Watching the Final Four this weekend I couldn't help but notice the similarities between the Wisconsin team of this year and Pitt's 2009 team that came within a hair of the Final Four.
Wisconsin was led by Player of the Year Frank Kaminsky who averaged 18.8 ppg and 8.2 rpg this season. Pitt had Player of the Year runner-up DeJuan Blair who averaged 15.7 ppg and 12.3 rpg. I think it's safe to say they are equal. The next best player for the Badgers was Sam Dekker, who averaged 13.9 ppg and 5.5 rpg. The Panthers counter with their own star small forward in Sam Young, who averaged 19.2 ppg and 6.3 rpg. While Dekker got a lot of publicity during the tournament it's apparent that Young was a better player.
In the big games near the end of the tournament, the duos are also equal. Kaminsky went for 29 points and 6 rebounds in the Elite 8 game, followed by 20 points and 11 rebounds against Kentucky in the Final Four game, and 21 points and 12 rebounds in the final. Dekker had 27 points and 5 rebounds in the Elite 8 game, 16 points and 3 rebounds in the Final Four game, and 12 points and 8 rebounds in the championship game. Blair went for 20 points and 10 rebounds in the Elite 8 loss to Villanova. He was also 9-9 from the field. Sam Young went off for 28 points and 7 rebounds in the Elite 8 loss. Again, both duos did not disappoint.
Pitt's third best player on the '09 team was Levance Fields while Wisconsin started two point guards on the year. Traevon Jackson was the designated starter at the beginning of the season, and was the starter last season, but a foot injury cost him half the year this season. Anybody that has seen Jackson play saw that he's amazingly slow and not athletic, even on a team that's pretty slow and not athletic. On the season he averaged 8.1 ppg, 2.6 apg, and 0.9 spg, while shooting 43.2% from the field and 28.2% from three. His 85.1% FT shooting is really his only strength. His replacement at starter, Bronson Koenig, averaged 8.7 ppg, 2.5 apg, and a minuscule 0.2 spg. He shot just 41.4% from the floor, but he did make 40.5% of his three point shots and 81.2% free throws.
Fields in '09 averaged 10.7 ppg, a fantastic 7.5 apg, and 0.8 spg, while shooting 39.8% from the floor, 34.1% from three, and 71.2% from the free throw line. Again, this seems mostly even.
In tournament action Koening had 6 points and 3 assists in the Elite 8, 12 points and 2 assists in the Final Four, and 10 points and 4 assists in the final. Fields, in the Elite 8, he had 10 points and 6 assists. Once again, very comparable.
So, we've established that Pitt's two best players in '09 were at least as good as Wisconsin's two best players (at both center and small forward), as well as at point guard. That leaves shooting guard and power forward.
At shooting guard, neither team could consider it a strength. The Badgers started Josh Gasser, who averaged 6.6 ppg, 3.5 rpg, 1.8 apg, 0.8 spg, 44.3% from the floor, 38.9% from three, and 82.7% from the line. Pitt trotted out Jermaine Dixon who averaged 8.4 ppg, 2.6 rpg, 2.0 apg, 1.4 spg, 44% from the floor, 29.4% from three, and 65.7% from the line. Again, they're roughly the same, though Gasser is clearly the better shooter.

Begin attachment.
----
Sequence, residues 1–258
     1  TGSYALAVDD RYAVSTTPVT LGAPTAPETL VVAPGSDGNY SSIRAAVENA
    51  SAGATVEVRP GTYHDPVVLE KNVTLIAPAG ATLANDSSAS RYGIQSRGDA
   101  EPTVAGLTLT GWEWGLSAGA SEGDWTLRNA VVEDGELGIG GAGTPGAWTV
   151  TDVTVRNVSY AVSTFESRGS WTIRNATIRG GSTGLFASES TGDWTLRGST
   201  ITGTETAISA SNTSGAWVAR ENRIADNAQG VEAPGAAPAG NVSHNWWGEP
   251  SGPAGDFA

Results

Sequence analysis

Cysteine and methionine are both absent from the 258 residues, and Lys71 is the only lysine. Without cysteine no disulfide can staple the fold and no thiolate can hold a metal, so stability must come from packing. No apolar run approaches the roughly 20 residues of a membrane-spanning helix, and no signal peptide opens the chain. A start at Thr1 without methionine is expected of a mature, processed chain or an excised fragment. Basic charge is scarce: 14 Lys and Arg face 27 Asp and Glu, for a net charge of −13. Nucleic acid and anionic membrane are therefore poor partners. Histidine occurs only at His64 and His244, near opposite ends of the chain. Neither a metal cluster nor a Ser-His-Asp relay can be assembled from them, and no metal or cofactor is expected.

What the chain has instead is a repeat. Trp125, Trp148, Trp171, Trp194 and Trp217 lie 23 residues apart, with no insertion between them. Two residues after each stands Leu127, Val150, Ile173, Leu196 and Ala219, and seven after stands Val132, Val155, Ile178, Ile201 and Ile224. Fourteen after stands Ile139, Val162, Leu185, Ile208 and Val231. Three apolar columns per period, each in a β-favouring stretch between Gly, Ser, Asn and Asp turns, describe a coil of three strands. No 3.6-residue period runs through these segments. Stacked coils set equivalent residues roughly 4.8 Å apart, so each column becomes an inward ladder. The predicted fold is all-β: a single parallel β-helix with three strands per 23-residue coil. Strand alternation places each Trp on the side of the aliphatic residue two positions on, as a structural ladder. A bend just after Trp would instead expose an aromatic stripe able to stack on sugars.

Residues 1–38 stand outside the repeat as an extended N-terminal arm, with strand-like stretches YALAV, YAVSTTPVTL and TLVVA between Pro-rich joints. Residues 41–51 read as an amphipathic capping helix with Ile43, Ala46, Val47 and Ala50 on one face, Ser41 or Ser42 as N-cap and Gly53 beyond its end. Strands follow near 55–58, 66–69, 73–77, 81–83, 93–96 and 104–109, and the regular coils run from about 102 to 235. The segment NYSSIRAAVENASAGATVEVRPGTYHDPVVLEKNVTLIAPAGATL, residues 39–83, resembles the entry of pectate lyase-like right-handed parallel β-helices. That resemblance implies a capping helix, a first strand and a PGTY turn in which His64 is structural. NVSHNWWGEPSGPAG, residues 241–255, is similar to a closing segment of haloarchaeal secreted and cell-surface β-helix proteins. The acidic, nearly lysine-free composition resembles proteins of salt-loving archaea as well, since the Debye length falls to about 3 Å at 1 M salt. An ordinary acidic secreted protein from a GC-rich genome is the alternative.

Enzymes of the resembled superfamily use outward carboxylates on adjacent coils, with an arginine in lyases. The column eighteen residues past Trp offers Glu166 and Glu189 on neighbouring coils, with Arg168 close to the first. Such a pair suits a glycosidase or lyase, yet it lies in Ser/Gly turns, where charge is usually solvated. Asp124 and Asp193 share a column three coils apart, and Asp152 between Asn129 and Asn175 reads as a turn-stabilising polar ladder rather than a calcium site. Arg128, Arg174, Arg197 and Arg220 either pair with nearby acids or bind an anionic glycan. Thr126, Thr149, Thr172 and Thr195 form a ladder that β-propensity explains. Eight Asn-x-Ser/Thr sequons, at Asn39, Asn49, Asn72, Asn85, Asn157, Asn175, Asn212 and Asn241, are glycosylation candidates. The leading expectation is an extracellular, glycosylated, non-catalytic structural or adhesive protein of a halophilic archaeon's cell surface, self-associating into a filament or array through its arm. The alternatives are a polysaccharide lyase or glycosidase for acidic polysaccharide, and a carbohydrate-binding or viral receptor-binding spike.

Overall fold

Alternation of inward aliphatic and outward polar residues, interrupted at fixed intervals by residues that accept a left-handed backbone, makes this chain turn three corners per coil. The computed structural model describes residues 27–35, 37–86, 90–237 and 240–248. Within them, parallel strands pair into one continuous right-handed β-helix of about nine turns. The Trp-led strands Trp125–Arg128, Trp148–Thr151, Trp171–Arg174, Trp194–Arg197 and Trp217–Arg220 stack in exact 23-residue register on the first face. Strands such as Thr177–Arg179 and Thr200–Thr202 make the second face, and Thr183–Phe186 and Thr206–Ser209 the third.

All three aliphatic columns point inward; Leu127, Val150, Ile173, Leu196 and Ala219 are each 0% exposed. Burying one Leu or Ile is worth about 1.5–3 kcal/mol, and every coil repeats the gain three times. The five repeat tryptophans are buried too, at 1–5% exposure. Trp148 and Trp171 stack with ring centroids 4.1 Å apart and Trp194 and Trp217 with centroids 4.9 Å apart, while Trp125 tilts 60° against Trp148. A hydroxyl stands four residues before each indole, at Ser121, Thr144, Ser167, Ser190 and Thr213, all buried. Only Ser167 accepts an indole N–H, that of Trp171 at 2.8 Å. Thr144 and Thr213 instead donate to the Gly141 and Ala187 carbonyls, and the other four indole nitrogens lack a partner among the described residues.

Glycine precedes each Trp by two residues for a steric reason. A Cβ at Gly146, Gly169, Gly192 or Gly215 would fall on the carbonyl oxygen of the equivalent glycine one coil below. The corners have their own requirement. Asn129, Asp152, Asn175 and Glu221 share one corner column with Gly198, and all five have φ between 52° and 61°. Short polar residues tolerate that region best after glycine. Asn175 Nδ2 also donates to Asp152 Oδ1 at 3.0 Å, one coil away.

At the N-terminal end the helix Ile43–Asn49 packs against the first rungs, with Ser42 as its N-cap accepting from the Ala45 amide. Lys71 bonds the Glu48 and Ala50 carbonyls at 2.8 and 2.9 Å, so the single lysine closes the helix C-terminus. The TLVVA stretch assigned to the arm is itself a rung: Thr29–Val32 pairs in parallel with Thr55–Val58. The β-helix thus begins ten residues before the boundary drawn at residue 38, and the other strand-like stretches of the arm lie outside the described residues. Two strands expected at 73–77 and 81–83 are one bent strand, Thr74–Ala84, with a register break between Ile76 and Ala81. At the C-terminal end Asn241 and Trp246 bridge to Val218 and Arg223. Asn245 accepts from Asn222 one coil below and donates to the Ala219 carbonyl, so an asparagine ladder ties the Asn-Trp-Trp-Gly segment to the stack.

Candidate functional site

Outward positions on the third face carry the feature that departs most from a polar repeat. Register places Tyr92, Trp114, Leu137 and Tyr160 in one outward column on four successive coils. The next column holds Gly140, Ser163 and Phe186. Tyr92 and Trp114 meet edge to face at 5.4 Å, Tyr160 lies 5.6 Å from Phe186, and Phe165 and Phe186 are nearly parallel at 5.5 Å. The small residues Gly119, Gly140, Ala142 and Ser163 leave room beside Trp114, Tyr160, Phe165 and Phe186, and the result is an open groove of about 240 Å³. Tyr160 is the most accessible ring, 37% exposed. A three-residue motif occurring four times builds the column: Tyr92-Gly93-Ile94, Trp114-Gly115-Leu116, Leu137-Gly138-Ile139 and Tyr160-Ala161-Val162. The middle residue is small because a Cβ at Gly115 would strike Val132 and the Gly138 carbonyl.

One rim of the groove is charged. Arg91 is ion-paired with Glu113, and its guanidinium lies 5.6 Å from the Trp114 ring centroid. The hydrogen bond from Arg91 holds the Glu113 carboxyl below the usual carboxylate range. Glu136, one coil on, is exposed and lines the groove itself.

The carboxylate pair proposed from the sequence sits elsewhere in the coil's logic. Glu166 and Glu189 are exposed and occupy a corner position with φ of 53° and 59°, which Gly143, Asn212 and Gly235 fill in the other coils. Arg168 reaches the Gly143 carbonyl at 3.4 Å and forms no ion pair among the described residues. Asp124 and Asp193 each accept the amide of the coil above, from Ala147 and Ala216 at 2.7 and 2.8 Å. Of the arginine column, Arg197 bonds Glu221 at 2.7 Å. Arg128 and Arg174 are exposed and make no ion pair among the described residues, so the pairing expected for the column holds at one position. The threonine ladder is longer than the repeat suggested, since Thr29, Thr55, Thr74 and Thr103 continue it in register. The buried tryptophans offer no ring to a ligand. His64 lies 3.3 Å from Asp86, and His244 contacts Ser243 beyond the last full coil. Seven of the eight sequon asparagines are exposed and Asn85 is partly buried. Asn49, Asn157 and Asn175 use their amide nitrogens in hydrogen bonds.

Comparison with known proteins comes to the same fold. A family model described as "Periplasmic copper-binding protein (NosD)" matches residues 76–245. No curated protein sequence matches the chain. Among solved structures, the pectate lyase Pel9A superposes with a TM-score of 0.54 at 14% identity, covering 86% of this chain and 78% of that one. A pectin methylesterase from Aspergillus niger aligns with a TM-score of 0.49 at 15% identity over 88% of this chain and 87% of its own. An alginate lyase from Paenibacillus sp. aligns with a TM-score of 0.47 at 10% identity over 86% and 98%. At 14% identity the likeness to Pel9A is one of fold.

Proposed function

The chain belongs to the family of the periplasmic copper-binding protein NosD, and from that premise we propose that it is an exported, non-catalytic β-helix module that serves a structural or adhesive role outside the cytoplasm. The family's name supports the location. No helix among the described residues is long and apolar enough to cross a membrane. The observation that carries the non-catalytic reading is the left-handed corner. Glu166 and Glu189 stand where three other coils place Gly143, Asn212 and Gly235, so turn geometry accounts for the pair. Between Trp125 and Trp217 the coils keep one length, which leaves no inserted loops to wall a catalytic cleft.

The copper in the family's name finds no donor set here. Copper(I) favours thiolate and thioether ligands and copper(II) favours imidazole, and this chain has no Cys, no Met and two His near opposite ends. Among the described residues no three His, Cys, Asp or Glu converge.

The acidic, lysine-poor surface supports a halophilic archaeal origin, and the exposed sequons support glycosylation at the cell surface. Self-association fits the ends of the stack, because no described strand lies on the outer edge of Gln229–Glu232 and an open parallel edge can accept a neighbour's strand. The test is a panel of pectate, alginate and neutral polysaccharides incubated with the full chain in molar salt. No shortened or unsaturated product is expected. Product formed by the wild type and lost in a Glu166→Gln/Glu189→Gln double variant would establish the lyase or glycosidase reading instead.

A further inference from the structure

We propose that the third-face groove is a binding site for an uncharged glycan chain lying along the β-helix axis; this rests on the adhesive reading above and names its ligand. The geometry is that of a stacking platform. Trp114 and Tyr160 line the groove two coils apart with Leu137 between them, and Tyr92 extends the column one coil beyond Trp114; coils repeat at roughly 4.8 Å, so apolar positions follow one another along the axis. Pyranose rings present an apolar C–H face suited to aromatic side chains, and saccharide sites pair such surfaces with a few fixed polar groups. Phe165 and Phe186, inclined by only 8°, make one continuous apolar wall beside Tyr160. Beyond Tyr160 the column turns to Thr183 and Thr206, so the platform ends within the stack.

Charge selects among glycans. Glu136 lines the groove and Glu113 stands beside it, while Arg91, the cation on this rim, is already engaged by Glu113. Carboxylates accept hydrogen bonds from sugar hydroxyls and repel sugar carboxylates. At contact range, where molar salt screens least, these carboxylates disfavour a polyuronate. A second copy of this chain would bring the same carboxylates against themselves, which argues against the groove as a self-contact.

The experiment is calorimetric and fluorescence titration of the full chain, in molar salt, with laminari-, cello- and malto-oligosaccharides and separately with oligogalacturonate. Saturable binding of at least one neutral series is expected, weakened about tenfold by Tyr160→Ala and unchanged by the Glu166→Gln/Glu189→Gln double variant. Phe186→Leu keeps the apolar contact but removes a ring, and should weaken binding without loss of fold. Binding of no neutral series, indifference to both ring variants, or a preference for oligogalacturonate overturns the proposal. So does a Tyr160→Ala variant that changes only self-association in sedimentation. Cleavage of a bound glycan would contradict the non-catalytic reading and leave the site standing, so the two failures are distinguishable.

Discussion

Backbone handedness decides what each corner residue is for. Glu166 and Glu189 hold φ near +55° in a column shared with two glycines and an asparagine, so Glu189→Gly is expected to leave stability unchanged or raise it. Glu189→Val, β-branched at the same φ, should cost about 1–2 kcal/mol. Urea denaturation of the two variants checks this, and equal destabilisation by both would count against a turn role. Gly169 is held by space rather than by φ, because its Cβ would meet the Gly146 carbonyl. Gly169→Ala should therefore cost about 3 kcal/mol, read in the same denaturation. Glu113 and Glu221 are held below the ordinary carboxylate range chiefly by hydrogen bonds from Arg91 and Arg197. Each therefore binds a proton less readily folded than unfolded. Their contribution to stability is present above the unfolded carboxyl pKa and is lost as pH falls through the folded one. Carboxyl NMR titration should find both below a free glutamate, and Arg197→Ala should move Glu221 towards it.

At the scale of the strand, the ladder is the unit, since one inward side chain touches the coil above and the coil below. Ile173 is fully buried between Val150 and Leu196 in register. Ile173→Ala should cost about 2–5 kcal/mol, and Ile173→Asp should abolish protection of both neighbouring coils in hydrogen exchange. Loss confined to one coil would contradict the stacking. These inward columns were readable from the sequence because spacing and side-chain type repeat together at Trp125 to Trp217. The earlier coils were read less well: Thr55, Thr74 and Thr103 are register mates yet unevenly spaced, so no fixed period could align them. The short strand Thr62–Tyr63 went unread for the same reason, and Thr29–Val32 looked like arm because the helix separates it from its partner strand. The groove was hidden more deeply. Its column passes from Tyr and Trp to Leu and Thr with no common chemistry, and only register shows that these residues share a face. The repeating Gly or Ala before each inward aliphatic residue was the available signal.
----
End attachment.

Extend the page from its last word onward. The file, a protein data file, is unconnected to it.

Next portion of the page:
Both were also pretty unproductive when it mattered. Gasser had 10 points in the Elite 8 game, but he had 3 points in the Final Four, and no points in the final. In fact, he attempted just one shot in 36 minutes in the final. He did, however, at least have 6 rebounds. In the '09 Elite 8 game Dixon played just 20 minutes and had just 5 points on 1-6 shooting.
At power forward, Wisconsin had a big advantage. Nigel Hayes averaged 12.4 ppg, 6.2 rpg, 49.7% from the field, 39.6% from three, and 74.4% from the line. For Pitt, Tyrell Biggs averaged 6.4 ppg, 4.3 rpg, 49.5% from the field, 39.6% from three, and 62.5% from the line.
In the Elite 8 game, Hayes had 8 points and 3 rebounds, in the Final Four he had 12 points and 5 rebounds, and in the championship game he had 13 points and 1 rebound. Biggs, in the '09 Elite game, had no points in 15 minutes.
As often seems the case with Pitt basketball it was a case of bad timing and bad luck. The '09 team finally had two bonafide stars at their best at the same time, as well as a good veteran point guard. But after that they had nothing. Dixon and Biggs were mediocre starters at best, and the reserves was filled with the likes of Brad Wanamaker, Gilbert Brown, and Ashton Gibbs, none of whom were ready to contribute. All three eventually were starters on a future No. 1 seed team but they weren't ready to add much of anything in 2009. Look at Duke last night. Not all of their stars were doing well and they get saved by a freshman guard that just happened to be a McDonald's All-American. The blue blood programs can do that whereas most programs, like Pitt and Wisconsin, don't have a little used McDonald's All-American to come out of nowhere to bail them out.
But Pitt and Wisconsin both proved what a program that isn't one of the blue blood programs have to do. Kaminsky was a middling Power 5 recruit, but he developed into a star. That doesn't happen often so you can never count on that. Dekker was a top 20 prospect, and from Wisconsin. Blair was also an elite local recruit and it shows just how important it is to have elite prospects locally. Both Bo Ryan and Jamie Dixon get a rare local gem to stay home and both turn into powers when those players reach their peak.
At the end of the day, Wisconsin proved what Pitt has known for awhile, and that's that without a roster full of elite talent, that only the blue blood programs can do, everything has to be perfect to have any chance at all, and even then the elite talent will win in the end.